80s-o-meter: 55%

Total: 18%

#999 The Retrievers aka Hot and Deadly (1982)

I’m still trying to wrap my head around what the alternative poster of The Retrievers on the right is all about. It certainly does not seem to be any way related to the movie I just plowed through. Given the setup and the title, my guess is that the movie performed badly initially and was released again with a more exploitation, revenge porn sounding title and the poster to go with it.

Either way The Retrievers is a remarkably insignificant movie with equally insignificant plot line and production values. There’s a limited amount of entertainment to the dodgy kung-fu aspect where everybody in the movie seems to be some kind of a karate champion, grabbing a pair on nunchukas that happen to be handy when the fight starts, and the choreographed fights really seem out of place given the setting, mood and the outfits. And on most parts the fighting is pretty much on par with the home movies you made as a kid, throwing a few roundhouse kicks that felt just about perfect in your mind, but looked much less impressive as you later viewed them on telly.

There isn’t much info available online about the movie to be shared. The director and the writer Elliott Hong would direct another movie in the same year, a martial arts comedy called They Call Me Bruce? that would end up his best known title by a long shot.

80s-o-meter: 59%

Total: 21%

#921 Missing in Action 2: The Beginning (1985)

After reading about Missing in Action 2: The Beginning deemed to be a worse movie than its originally intended sequel and thus being delayed to be released one year later I was expecting a movie even worse than the previous one.

Not the case as The Beginning surprises by presenting a pretty solid post action pack.

Of course you know the drill; a rogue American soldier single handedly winning the Vietnam war, and there aren’t much of unexpected plot twists along the way, but its the presentation here that makes The Beginning a recommendable watch. The action is over the top as usual, with a nice martial arts showdown at the end, but compared to the previous movie Norris’ character here seems less of an invulnerable, omnipotent super human seen in the previous part.

The Beginning is by far the strongest one of the trilogy, and if you have to watch just one of the Missing in Action movies, let this one be it.

80s-o-meter: 83%

Total: 74%

#912 Avenging Force aka Night Hunter (1986)

What a treat. Michael Dudikoff and Steve James, those guys from the outrageous American Ninja are back with another action packed .. err, action pack.

In Avenging Force, or Night Hunter as it was known in the various European countries’ later home video release has a plot, a group called Pentangle consisting of some of the society’s elite members assassinate and arrange hunts for men in order to preserve the American way of life as they want it. The director Sam Firstenberg smartly acknowledges that it is first and foremost an action movie that they are making here and makes sure to push all the right buttons to keep the adrenaline level high. The house fire scene including its aftermath is one of the most palm sweating ones there are.

Avenging Force, virtually an totally unknown movie to the public is an entertaining and fierce movie done in the very best tradition of the 80s, even managing to best the many of the much better known classics of the genre.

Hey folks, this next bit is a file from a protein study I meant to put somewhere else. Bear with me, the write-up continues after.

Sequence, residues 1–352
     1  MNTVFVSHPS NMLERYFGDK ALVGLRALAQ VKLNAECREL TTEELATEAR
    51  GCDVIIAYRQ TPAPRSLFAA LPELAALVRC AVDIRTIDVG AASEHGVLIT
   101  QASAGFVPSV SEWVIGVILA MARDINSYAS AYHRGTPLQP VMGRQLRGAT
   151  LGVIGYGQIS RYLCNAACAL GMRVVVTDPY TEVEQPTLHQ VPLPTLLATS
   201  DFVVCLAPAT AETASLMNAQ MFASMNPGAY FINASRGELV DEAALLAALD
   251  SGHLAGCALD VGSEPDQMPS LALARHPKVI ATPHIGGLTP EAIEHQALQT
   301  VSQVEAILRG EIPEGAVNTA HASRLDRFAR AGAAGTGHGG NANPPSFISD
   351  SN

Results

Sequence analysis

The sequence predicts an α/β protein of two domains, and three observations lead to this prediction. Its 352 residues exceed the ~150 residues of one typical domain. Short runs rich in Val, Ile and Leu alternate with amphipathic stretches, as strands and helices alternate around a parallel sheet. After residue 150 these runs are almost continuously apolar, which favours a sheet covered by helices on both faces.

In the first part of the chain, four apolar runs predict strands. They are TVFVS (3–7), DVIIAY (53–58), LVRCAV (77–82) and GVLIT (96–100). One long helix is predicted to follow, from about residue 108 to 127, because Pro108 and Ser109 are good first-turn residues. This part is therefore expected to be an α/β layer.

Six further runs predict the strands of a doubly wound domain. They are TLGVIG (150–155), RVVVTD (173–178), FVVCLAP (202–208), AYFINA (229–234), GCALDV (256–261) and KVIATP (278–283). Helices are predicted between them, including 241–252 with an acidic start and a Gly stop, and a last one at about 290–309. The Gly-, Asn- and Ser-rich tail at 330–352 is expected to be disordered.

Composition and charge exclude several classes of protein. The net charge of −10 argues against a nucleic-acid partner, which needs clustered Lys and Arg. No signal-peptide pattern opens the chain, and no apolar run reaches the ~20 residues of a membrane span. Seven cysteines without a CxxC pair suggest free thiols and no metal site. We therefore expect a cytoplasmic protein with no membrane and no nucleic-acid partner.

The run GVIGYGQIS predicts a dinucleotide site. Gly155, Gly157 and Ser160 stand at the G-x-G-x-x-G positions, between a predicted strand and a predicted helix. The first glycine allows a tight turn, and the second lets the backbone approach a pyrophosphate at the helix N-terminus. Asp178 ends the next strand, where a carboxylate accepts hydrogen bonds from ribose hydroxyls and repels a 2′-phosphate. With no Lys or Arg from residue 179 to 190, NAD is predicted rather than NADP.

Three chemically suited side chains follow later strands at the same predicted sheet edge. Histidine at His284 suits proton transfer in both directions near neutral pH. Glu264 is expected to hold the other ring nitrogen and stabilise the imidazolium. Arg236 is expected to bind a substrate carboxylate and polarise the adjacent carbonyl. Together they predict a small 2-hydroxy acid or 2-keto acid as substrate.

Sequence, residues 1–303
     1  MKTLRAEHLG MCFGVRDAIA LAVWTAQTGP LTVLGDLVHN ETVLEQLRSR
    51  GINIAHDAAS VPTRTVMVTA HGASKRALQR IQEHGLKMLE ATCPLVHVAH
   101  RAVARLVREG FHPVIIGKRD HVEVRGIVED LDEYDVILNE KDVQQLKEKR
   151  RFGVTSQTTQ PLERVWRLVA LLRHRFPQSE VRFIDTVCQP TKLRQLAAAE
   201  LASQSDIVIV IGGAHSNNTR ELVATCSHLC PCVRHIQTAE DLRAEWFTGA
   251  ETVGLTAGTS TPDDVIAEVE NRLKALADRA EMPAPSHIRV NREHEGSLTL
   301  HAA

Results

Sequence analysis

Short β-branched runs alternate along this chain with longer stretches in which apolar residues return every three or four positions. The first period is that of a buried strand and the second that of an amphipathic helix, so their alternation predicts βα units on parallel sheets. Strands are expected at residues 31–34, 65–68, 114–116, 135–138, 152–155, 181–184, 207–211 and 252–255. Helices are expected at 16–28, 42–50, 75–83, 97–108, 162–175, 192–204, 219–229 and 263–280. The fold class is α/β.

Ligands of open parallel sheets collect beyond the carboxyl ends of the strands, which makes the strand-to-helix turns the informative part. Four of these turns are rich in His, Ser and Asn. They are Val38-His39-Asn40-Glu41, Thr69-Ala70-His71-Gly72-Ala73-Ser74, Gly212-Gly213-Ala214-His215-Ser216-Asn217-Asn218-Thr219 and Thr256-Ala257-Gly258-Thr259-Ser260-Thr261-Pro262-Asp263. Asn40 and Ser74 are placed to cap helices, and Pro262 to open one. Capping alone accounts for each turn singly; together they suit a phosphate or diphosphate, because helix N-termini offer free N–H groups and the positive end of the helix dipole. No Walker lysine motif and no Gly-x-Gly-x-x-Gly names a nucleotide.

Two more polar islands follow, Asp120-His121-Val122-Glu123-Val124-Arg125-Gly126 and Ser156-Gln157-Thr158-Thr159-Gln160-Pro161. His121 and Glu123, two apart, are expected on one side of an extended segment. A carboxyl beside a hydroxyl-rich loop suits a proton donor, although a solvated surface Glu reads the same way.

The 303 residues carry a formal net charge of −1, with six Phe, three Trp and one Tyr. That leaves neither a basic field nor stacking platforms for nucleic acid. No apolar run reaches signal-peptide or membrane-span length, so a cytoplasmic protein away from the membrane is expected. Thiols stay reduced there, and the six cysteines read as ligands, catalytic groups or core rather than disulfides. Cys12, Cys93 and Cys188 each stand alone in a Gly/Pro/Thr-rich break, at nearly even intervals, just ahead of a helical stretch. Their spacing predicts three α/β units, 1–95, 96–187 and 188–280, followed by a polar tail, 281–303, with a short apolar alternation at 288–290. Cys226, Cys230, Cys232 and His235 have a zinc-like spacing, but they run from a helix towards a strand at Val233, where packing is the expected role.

80s-o-meter: 87%

Total: 92%

#878 Fear City (1984)

An exotic dancers’ manager – a pimp – goes after a serial killer wasting his strippers in Fear City, an atmospheric but otherwise disappointing thriller.

Tom Berenger in the lead role is a charismatic actor well capable of carrying through a film, but the two dimensional toughie characterisation Fear City gives him leaves very little to like or care for, and the flashbacks picturing his former career as boxer feel glued on. Instead of going for a strong antagonist, the director Abel Ferrara has decided to make the killer nameless and easy to forget, with equally artificial martial arts theme forced in.

There are some mesmerising shots of the nocturnal New York here, with all of its neon lights and vices pictured in a beautifully poetic way. This aspect remains the strongest suit of Fear City.

80s-o-meter: 82%

Total: 58%

#825 Revenge of the Ninja (1983)

One of those ultra violent, banned and notorious 80s ninja movies, Revenge of the Ninja is the kind of a movie loses some of its charm with the hi-def transfer, compared to the good old grungy VHS; The super clean transfer reveals all the clumsy makeup, effects and wobbling sets without remorse – which doesn’t exactly work out for the movie’s advantage.

Now, almost 40 years after the movie was first released, all the fuss about the movie being too violent and getting banned feels hard to fathom. What is seen here is not particularly gory or cruel, and the effects are a far cry from convincing and come across more comedic than upsetting.

The choreographed fights are ok, but nothing special enough to set the movie apart. It does get a bit better (and sillier) towards the end, and it is the outrageous end showdown that kind of makes it worthwhile to watch it through. Like the case is with many martial arts movies, Revenge of the Ninja has a very limited appeal to those who are not fans of the genre.

80s-o-meter: 67%

Total: 58%

#817 Forced Vengeance (1982)

There are two kinds of Chuck Norris movies that are still worth one’s time: The ones that are just genuinely good, and those that are so outrageous that they make for a top notch guilty pleasure. Forced Vengeance doesn’t really fall into either one of these categories.

Taking place in Hong Kong, Norris plays a Casino hired hand who finds himself pinned as the prime suspect in the death of his boss and sets out to find the real killer. There are many fights along the way, which Norris plays out with his usual solid craftsmanship.

Excluding one flashy silhouetted fight scene shot in front of a gigantic neon sign, Forged Vengeance is your typical early 80s Chuck Norris movie with no real high or low points, and has a very limited redeeming value to it – unless you’re a die hard Norris fan.